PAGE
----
Artists respond to the Great Depression and the threat of fascism : the New York Artists' Union and its magazine Art front (1934-1937) / Francine Tyler
Includes bibliographical references (p. 363-402)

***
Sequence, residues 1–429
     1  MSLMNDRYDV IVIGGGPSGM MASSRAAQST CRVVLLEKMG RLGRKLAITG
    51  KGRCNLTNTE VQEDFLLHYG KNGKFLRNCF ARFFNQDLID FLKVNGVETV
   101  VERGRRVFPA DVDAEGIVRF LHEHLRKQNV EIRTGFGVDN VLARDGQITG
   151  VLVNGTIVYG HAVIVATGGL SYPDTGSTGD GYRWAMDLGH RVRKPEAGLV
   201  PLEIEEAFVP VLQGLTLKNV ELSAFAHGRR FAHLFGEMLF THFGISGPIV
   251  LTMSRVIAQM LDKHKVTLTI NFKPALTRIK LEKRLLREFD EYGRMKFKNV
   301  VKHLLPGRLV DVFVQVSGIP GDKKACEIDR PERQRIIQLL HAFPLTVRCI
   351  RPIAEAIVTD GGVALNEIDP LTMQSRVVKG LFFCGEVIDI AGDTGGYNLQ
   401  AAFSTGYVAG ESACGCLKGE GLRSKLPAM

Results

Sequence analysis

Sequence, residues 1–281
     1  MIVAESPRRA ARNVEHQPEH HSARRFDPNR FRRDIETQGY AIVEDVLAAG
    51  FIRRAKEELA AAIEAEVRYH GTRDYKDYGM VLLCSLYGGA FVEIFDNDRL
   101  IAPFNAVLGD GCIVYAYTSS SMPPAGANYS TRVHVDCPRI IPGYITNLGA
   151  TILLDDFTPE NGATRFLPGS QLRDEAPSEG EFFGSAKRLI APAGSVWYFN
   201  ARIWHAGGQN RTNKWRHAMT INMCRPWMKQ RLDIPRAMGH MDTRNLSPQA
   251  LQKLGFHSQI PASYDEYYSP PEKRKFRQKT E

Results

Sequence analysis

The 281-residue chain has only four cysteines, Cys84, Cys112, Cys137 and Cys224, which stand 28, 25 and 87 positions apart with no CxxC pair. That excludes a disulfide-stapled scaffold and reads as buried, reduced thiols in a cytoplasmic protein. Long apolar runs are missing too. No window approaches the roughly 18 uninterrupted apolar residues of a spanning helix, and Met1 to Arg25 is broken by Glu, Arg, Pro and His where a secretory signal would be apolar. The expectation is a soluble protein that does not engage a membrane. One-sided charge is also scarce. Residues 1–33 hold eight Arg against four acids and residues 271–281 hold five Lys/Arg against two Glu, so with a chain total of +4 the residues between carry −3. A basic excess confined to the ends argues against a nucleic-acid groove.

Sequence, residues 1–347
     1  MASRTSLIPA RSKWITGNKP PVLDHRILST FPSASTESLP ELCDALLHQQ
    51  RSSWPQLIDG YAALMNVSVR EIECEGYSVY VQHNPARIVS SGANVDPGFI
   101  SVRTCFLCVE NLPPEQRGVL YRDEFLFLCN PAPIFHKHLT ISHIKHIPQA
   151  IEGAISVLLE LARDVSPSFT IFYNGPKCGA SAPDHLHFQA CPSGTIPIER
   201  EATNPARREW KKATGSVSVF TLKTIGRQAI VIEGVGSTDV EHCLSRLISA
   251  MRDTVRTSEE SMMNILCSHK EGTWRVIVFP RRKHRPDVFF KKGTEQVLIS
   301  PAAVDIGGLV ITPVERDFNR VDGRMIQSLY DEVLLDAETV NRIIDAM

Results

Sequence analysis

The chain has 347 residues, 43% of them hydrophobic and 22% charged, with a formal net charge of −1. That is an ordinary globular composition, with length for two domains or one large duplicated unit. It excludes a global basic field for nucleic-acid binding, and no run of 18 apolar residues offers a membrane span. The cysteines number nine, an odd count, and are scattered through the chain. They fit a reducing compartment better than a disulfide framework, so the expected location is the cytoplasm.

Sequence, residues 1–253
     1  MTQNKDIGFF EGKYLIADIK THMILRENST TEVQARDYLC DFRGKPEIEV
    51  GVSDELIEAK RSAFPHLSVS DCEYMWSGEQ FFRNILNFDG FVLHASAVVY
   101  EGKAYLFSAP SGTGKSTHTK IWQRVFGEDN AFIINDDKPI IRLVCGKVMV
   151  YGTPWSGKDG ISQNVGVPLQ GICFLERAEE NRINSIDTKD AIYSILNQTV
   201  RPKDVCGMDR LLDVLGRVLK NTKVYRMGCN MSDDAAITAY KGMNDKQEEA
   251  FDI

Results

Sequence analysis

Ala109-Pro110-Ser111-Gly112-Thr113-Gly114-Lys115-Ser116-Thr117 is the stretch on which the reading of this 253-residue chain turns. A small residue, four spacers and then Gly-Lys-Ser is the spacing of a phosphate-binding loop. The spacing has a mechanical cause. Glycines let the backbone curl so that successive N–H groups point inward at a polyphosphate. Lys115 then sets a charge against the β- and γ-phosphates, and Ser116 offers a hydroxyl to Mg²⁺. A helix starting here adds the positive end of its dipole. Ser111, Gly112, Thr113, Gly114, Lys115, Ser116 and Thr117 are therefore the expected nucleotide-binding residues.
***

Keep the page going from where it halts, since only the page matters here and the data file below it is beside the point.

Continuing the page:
Art and politics could not avoid each other during the Great Depression and the rise of fascism, in the 1930s. Social realism, which had been limited to drawings in radical magazines or the graphic arts, became important in painting and sculpture. Artists in the John Reed Club, the Artists' Union, the Harlem Artists' Guild, and the American Artists' Congress Against War and Fascism drew a wide range of supporters and acted as pressure groups, influencing society. The New Deal's Federal Art Project of the Works Progress Administration, which employed a total of 5,300 artists over a period of eight years and had a profound impact on American art, was started largely and continued by the pressure of artists and artists organizations. The Artists' Union, the official bargaining agent between government and the artist, negotiated wages, hours, and working conditions, and kept artists employed as artists, amid threats of closure, "quality control," favoritism, racism, censorship, and selected layoffs. Between 1933-1938, at least three factors favored the artists: in a near crisis situation, the government was impelled to act on artists' solutions to solve their unemployment; the labor movement, aided by New Deal legislation, became insurgent, and provided a role model and support for artists; and all shades of the cultural liberal and left-wing--who would be totally disaffected from each other in the near future--worked together on common goals. Commonality was influenced by radical politics and an idealistic view of working-class--its solidarity, collectivity, and readiness to take action. Engage artists viewed the solving of artists problems in global terms, and with Popular Front ideas, worked with fraternal artists' organizations in Europe and Mexico. A window to this radical shift in artists' subject matter, patronage, and position in American society, is the unique art magazine Art Front. Challenging entrenched hierarchies in analytical writings, indignant drawings, and documentary photographs, it was vital and provocative, stemming from the realistic character of the Artists' Union, which sponsored it.
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